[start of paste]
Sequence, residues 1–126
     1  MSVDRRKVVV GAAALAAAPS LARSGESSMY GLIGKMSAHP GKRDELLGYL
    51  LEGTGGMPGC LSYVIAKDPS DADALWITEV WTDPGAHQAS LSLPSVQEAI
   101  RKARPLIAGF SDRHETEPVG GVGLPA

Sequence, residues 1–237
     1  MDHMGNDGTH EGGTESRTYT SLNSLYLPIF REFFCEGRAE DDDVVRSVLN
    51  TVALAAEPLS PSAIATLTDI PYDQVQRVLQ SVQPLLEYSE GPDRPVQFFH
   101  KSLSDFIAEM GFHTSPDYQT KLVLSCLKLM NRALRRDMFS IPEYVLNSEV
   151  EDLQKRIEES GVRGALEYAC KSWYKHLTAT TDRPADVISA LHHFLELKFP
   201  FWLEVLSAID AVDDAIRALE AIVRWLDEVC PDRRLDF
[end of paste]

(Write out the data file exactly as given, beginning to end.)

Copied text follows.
Sequence, residues 1–126
     1  MSVDRRKVVV GAAALAAAPS LARSGESSMY GLIGKMSAHP GKRDELLGYL
    51  LEGTGGMPGC LSYVIAKDPS DADALWITEV WTDPGAHQAS LSLPSVQEAI
   101  RKARPLIAGF SDRHETEPVG GVGLPA

Sequence, residues 1–237
     1  MDHMGNDGTH EGGTESRTYT SLNSLYLPIF REFFCEGRAE DDDVVRSVLN
    51  TVALAAEPLS PSAIATLTDI PYDQVQRVLQ SVQPLLEYSE GPDRPVQFFH
   101  KSLSDFIAEM GFHTSPDYQT KLVLSCLKLM NRALRRDMFS IPEYVLNSEV
   151  EDLQKRIEES GVRGALEYAC KSWYKHLTAT TDRPADVISA LHHFLELKFP
   201  FWLEVLSAID AVDDAIRALE AIVRWLDEVC PDRRLDF